Job search is a two-way street. Meaning that you can both find jobs and they can find you. The latter is achieved by posting your resume to a job site (ideally an entry level job site like CollegeGrad.com) or directly to an employer site. But beyond the act of posting your resume, this avenue becomes very passive as you wait for someone to find you.
On the other hand, you can actively apply for jobs online where you find a potential match. While this seems to be a more proactive way to approach your job search, many candidates complain that they have applied for scores or even hundreds of positions without a response.
There is a reason for that. Most times, it is due to the “post-and-pray” approach of candidates to post (i.e. apply) to every job that is even remotely close, then pray that they get a call back. Let’s be clear. Your resume will, in these circumstances, typically be screened out in 2-3 seconds by a qualified Sourcer who will see that you do not meet the requirements of the role. And so you are passed up, no response, on to the next one. And you wonder why you’re not getting a response.
Most (although not all) job postings have very specific requirements. Sometimes these requirements are listed in a very objective manner, such as is often the case with government agencies. These are the bona fide occupational qualifications (or BFOQs for short) of the job. If you don’t meet the minimum for the role, you will be passed over for candidates who do meet these minimums.
So be selective in applying for jobs. Yes, it takes more work to read through every single job description and only apply to those where you are qualified for the role. Yet you will greatly increase your odds of getting an interview.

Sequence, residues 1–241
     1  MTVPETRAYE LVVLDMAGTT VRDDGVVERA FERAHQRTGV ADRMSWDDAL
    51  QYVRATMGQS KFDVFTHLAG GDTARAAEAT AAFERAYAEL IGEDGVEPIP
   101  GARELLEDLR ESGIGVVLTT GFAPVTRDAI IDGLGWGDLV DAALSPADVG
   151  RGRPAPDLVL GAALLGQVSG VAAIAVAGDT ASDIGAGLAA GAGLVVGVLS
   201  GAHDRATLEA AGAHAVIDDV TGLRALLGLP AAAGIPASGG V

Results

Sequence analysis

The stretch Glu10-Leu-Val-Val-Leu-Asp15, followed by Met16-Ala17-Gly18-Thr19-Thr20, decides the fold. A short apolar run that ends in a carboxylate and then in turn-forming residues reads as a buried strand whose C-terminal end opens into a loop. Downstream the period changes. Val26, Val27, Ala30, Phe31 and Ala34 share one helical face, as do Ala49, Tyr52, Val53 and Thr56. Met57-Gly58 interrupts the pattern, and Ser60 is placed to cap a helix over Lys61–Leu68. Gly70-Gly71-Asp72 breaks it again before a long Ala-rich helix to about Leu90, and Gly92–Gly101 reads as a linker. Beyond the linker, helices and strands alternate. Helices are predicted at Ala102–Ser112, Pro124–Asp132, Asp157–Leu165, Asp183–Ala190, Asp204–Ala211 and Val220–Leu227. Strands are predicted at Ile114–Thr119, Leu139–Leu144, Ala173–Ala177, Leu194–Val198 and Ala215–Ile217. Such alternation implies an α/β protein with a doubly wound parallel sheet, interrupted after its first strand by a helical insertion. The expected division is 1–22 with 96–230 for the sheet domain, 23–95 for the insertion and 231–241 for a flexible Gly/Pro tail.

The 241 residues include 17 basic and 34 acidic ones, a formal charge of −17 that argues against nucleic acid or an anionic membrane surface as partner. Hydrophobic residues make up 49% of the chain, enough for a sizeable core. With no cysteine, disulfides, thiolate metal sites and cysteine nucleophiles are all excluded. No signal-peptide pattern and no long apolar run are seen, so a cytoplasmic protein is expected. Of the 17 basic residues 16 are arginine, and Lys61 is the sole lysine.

But wait, just because you meet the qualifications doesn’t mean you should then send out your resume immediately. Go back and read through your resume. Does it accurately reflect that you meet all of the qualifications of the role? If not, you will need to customize your resume for the specific role and employer. It’s not only accepted, it’s recommended that you customize each resume you send. You can do so quickly from your baseline resume if it is kept in Word format. Just make sure you save each version of the resume in a subdirectory with the employer name so that you have version control of which was submitted and when to whom. Do not change the file name on the resume (for example: Jane Smith-Amazon.pdf). You should keep the same file name (First Last.pdf), but keep different versions in different subdirectories for later reference.
Before you submit, check for the best method of submission. While it may be easiest to quickly submit online at the job site, you should first check out the employer site. There you will find further information about the employer as well as other open roles. This will allow you to customize your resume to best fit the specific needs of the role and the employer. And, in some circumstances, you might find a role that is an even better fit. Apply to the role with the best fit for your background. If you apply at the employer site, make sure you note the job site where you originally found the job for tracking purposes.
Then submit your resume in the best format for the employer. This is usually going to be PDF or Word. If you have a choice, use PDF, since it formats better than Word. You might also be asked for a text resume, which is then stored in the resume database. It’s important that this text resume is well-formatted for keyword searching, since it may be searched at a later time for other roles.
So, of course, this leaves open the question about whether or not you should apply for roles where you do not meet all of the job requirements. I will cover that in my next blog post.